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Mankato attorney Jacob Birkholz, the harshest critic of the current county attorney among the three candidates hoping to replace him, said he is offering voters a new direction. Photo by Pat Christman

MANKATO — At least three things distinguish Jacob Birkholz from the two other candidates for Blue Earth County Attorney.

Birkholz doesn't sport the gray hair on Chief Assistant County Attorney Pat McDermott's head or in longtime Mankato attorney Karl Friedrich's beard. Birkholz is the only candidate pledging to make regular appearances as the prosecutor in local felony trials. And Birkholz is easily the most aggressive critic of current County Attorney Ross Arneson, who isn't seeking re-election after 27 years in the office.

"Obviously I'm not the same age as Mr. McDermott," said Birkholz, who was in elementary school when McDermott graduated from law school and was preparing for kindergarten when Friedrichs picked up his law degree.

But Birkholz had something of a head start when it comes to understanding the role of a county attorney. His father, Dan Birkholz, was Watonwan County Attorney for 22 years.

"I grew up with my dad as a prosecutor, county attorney and great role model," he said.

Now managing the Mankato branch office of the St. James-based Birkholz Law firm, Jacob Birkholz said he's packed plenty of relevant experience into his first decade as a lawyer. His practice is split evenly between family law cases and criminal defense.

"And I do a lot of courtroom and trial work, which is one big reason why I think my experience definitely qualifies me for the job," he said.

Beyond his qualifications, Birkholz said he offers something McDermott can't. The message is in all of his campaign materials, always capitalized: "It's time for A New Direction."

"People are hungry for a change," Birkholz said.

At the center of that desire is the controversial prosecution of Minnesota State University head football coach Todd Hoffner on child pornography charges — charges that were dismissed as unfounded by a district court judge but only after Hoffner was arrested, jailed and fired from his job.

"They're acting first and investigating later and causing many negative outcomes," Birkholz said of Arneson's office. (See accompanying story).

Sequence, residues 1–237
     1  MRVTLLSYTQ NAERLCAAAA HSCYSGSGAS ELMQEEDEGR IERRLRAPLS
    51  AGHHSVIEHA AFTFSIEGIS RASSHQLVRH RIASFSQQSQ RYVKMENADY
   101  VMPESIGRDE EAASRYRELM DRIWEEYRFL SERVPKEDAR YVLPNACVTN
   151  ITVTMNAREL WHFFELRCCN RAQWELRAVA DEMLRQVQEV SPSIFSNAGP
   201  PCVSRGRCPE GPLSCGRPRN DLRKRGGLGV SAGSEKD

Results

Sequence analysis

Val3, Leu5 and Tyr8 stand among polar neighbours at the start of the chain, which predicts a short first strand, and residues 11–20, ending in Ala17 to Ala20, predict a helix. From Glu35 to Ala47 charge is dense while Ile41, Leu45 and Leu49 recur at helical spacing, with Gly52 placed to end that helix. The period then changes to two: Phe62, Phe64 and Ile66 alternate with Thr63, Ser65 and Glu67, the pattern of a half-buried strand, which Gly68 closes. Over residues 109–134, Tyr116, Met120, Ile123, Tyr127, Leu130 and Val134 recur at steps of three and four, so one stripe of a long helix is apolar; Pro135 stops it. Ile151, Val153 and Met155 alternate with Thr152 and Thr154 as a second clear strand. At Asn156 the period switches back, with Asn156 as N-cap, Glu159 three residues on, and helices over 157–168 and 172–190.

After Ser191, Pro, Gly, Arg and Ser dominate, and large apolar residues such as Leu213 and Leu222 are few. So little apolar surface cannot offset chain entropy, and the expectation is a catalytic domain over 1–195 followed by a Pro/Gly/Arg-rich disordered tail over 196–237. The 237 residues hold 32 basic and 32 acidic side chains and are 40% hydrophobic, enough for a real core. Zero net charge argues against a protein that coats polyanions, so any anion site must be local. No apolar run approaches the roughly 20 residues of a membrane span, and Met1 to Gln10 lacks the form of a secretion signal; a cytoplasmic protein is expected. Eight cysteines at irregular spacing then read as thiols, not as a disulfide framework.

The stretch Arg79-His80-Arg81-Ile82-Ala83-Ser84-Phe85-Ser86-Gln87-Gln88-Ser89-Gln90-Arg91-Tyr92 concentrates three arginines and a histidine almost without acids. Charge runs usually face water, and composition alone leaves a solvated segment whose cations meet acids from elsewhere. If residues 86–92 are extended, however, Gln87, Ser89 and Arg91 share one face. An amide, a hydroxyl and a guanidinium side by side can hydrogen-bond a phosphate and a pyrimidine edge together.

Looking to be hands-on

Birkholz, while he grew up in St. James, was born in Mankato and attended Bethany Lutheran College before earning his bachelor's degree in chemistry at MSU. He graduated from the University of St. Thomas School of Law in 2005 and now lives in Mankato with his wife, Emily, and their four children.

Although Birkholz's criminal law work has been as a defense attorney, he said that's given him a strong understanding of criminal prosecution. More than two years working as a clerk for district court judges also gave him a behind-the-scenes look at that component of the process.

He sees it as key for the county attorney to directly prosecute some cases to set the tone for assistant county attorneys in how criminal cases should be handled. In essence, leading by example.

"The county attorney's role, in part, is to be a leader in the office ...," he said. "Delegating all of the work, you lose that ability to have that active management and the understanding of what's going on."

Arneson used that approach, and it played a role in the Hoffner case being wrongly charged, according to Birkholz. It also made it more difficult for the office to back down when it became apparent that the charges should be dropped.

Promising better communication

Birkholz said he intends to improve the relationship between the county attorney's office and one of its primary clients if he's elected.

"I look forward to maintaining a positive and healthy relationship with the County Board, which seems to be strained in recent years," he said.

The sort of legal advice required by the board, which can range from employment law to zoning issues to land acquisition through eminent domain, is outside Birkholz's primary practice currently.

"I do handle some real estate cases and civil litigation," he said.

Birkholz said the key, both with the board and with the heads of county departments, is to be open to dialogue when potential legal disputes are looming.

"In civil cases, including eminent domain, the real skill I'd be bringing is collaboration, communication and mediation," he said.

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